As we said in the intro, there isn't much of a hardware story to tell here. If you've read our review of the AT&T model, you'll know that we think the design and build of the iPhone 4 is best in class by a longshot. Of course, editors at Engadget have had a lot more time to spend with these devices, and some of our opinions have changed slightly over time. For instance, when we first tested the AT&T model, we lauded the glass and metal housing of the phone, but we didn't realize how easily that design made the phone slip out of your hands... and potentially onto a hard surface where it can easily break. More than a few folks at Engadget have smashed the backs of their phones due to accidental drops. There's no denying that the iPhone 4 is beautiful to look at, but we highly recommend a bumper or case -- especially if you tend to juggle a lot of things at once.
While the phone does basically look identical on the outside, there are a few notable changes. The first of those changes -- and most pronounced -- is the shifting of the iPhone's antenna notches (the little black bands that intersect the frame of the device). On the Verizon version, there are four slits which are symmetrical -- two on the top right and left, and two along the bottom. Apple's Tim Cook told us that the move is all about making the new CDMA chipset play nice with the antenna design. There's no indication that any changes (or improvements) have been made to the underlying antenna structure. And conspiracy theorists take note: in low connectivity settings, we could get both the AT&T phone and the Verizon phone to dip slightly in bars if we covered the bottom half of the devices with our hands. We did not see any noticeable change in call quality or data quality.
Apple has also slightly shifted the mute switch and volume buttons to accommodate the antenna changes, and of course there's no SIM slot. That may not seem like a big deal, but if you already own an iPhone 4 and are switching, your case might not fit the new design (in fact, it's likely that it won't). Apple has issued a "universal" case for both models -- but that means you're shelling out more dough.
Overall, the phone is as handsome to look at and use as it was before... but what did you expect?
Just as with the external look and feel, nothing has notably changed inside the phone save for the radios. You still have Apple's powerful A4 CPU chugging alongside 512MB of RAM, the incredible 960 x 640 IPS Retina Display, and all of the rest of the iPhone 4's stock gear: 16GB or 32GB of storage, WiFi (802.11b/g/n), Bluetooth 2.1 + EDR, and all the rest. Just like the previous version, you've also got the iPhone standard ambient light sensor, proximity sensor, accelerometer, and three-axis gyroscope. What it doesn't have, of course, is a GSM radio -- instead there's a CDMA (EV-DO Rev. A) chip onboard. Is it still a feature-packed powerhouse? In a word: yes.
And if you're thinking about the display and camera performance, in our tests it was, unsurprisingly, exact to the current AT&T / GSM model. It makes sense, but just in case you're wondering, it continues to take pretty handsome photos and great looking 720p video.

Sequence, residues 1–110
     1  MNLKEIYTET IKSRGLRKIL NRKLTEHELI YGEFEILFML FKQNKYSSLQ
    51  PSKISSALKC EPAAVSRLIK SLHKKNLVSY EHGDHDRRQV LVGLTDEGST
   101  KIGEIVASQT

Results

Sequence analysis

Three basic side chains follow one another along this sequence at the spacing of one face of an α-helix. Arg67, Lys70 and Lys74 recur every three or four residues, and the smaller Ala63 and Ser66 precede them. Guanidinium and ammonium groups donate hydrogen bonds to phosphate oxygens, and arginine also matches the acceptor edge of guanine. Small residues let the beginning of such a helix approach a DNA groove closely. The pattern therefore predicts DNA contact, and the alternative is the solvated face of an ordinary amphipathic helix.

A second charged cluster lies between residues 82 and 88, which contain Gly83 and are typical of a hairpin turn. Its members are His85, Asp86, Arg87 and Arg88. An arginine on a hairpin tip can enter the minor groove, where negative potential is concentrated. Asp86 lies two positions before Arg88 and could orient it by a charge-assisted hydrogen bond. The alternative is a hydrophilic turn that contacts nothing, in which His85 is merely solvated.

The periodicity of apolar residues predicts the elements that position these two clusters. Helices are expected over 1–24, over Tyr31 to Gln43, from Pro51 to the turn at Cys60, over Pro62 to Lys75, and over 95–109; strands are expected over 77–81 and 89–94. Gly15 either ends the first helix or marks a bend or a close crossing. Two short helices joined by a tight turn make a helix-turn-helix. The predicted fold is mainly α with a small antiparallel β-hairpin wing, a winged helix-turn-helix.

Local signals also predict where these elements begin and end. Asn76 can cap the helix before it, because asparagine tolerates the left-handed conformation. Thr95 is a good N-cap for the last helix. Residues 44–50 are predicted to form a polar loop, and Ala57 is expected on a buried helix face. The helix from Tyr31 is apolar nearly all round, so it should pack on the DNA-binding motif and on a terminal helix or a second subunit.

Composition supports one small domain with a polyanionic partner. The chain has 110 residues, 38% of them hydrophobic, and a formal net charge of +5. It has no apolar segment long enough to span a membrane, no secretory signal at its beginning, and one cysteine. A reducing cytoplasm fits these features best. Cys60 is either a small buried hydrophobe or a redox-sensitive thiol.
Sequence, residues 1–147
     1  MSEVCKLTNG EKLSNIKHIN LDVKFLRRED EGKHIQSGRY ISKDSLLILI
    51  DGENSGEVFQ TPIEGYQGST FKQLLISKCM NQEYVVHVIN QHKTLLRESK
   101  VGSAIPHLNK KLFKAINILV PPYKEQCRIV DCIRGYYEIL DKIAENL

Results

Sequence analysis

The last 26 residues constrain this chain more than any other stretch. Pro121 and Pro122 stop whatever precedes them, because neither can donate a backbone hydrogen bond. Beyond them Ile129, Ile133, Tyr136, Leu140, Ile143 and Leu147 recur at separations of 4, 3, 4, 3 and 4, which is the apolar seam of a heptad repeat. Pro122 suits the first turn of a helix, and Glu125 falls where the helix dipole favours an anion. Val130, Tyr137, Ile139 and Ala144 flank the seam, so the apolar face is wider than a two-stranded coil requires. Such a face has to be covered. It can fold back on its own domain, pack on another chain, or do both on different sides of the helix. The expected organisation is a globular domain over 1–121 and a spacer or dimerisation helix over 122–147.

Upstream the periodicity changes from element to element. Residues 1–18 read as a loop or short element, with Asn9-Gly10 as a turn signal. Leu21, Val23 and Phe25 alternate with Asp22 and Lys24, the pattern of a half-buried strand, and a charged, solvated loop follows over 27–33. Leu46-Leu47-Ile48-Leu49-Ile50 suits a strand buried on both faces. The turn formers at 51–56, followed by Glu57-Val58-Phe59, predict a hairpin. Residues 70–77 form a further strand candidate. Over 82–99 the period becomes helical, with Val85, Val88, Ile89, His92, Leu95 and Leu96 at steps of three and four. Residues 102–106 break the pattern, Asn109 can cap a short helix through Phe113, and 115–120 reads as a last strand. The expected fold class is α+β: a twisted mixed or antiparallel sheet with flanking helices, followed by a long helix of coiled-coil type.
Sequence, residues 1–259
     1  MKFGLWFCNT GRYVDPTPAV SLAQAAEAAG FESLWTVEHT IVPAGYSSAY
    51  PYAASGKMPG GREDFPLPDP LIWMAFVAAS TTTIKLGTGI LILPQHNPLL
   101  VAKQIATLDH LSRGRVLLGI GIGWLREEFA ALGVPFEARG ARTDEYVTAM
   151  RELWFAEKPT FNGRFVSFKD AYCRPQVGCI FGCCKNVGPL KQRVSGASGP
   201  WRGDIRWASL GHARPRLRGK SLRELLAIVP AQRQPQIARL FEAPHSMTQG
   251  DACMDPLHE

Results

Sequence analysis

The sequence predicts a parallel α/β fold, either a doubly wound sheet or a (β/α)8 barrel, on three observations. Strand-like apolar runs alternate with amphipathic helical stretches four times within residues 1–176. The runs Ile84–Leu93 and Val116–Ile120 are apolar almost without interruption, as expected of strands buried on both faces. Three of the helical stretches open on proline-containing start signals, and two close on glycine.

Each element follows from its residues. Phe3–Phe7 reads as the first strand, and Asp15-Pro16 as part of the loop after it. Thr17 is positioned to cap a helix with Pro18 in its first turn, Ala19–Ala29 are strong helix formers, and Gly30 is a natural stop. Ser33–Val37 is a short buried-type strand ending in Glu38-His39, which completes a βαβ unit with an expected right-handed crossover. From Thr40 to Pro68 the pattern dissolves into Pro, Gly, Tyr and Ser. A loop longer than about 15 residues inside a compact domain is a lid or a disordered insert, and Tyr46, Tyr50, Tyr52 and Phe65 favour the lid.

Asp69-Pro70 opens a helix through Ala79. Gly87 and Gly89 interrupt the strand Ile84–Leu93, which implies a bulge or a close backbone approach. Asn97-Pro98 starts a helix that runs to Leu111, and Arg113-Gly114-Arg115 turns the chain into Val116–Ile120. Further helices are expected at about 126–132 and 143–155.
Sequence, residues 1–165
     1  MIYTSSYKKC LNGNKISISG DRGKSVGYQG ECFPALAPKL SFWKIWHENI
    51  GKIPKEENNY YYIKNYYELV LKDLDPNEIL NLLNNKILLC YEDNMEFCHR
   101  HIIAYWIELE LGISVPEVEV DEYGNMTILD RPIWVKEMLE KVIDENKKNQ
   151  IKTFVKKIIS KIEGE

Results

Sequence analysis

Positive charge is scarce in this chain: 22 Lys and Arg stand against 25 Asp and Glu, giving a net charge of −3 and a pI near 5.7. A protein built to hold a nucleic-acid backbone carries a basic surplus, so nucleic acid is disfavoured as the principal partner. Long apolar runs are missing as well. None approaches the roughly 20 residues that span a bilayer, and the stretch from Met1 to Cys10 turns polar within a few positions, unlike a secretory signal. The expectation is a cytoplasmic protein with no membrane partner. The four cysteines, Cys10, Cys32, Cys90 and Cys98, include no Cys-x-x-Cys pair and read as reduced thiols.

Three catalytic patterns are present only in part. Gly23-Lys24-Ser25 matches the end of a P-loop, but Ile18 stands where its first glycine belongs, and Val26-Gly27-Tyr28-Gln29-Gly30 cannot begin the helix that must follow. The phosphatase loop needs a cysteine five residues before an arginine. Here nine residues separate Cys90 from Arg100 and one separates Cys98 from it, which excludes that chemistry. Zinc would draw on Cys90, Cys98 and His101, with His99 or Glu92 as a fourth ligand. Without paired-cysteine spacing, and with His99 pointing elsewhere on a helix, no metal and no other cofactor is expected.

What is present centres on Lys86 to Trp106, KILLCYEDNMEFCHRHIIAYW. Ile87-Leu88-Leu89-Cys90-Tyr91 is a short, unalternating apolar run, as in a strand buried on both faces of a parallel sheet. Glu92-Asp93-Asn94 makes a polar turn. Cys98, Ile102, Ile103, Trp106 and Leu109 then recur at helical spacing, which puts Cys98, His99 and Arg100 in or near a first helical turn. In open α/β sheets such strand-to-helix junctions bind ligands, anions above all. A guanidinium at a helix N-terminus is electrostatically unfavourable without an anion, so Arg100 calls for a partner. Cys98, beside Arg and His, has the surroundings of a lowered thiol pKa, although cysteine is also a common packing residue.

Phone / reception / sound quality
As you would expect, this is basically the main course when it comes to the Verizon iPhone 4. The troubles that AT&T has had with reception and dropped calls on the iPhone are legendary, and even if not 100 percent of the issues lie with the carrier, there's most definitely a belief that the company's GSM network simply isn't equipped to handle the traffic devices like the iPhone have created. It's probably not necessary to say that this has created an enormous amount of frustration amongst iPhone users in America -- to the point that the idea of bad or dropped calls on the device has become a bit of a meme in pop culture, leaving Apple the butt of a joke it certainly hasn't been laughing along with.
At the launch event for the Verizon version of the phone, carrier execs made a pretty big deal not only about the larger and more reliable network, but the fact that they were "ready" for the onslaught of new iPhone users and customers switching from AT&T. The indication is that Big Red has every intention of not getting caught in the same mess their competition has found itself in.
So, does the phone exhibit more favorable behavior in regards to dropped / failed calls? The answer is yes -- with a caveat. We had many, many perfectly connected and sustained calls while on the Verizon iPhone (many times during testing we actually had to switch from our AT&T device to the Verizon device just to complete the call). After a couple of days of use, the fear that normally sets in about five minutes into a connected call with an AT&T iPhone all but disappeared, and we found ourselves wanting to have longer talks and not worrying so much about the potential for dropped and interrupted calls.
But on to that caveat. While the phone did connect much more reliably and consistently, it wasn't impervious to broken connections and sound quality issues. In areas where we had a weak signal, or when moving around, we experienced call interference (our callers noted this as well), and in two instances, we did drop a call when moving from one place to another (clearly an area with less Verizon juice).
Let's be clear here, however. Calls were consistently connected and uninterrupted, far more often than our AT&T calls in the same time period in similar locations. There were sound quality issues (it seemed to be happening more on our outgoing audio than incoming), but they were few and far between according to our friends and family. Overall, our level of confidence in the phone's ability to handle one of its main tasks went way, way up during our testing. If you've been looking for relief from your woes of dropped or failed calls -- right now the Verizon iPhone is making a very serious case for itself. Keep in mind, however, that this network has yet to be hit with the traffic of millions of new iPhones, but given that Verizon is already pushing tons of Android devices into the market, we're not so sure that it's going to be the kind of mess it's been for AT&T.
So -- this will solve your calling issues for the most part, but is that the only part of the equation you need to think about? Not really.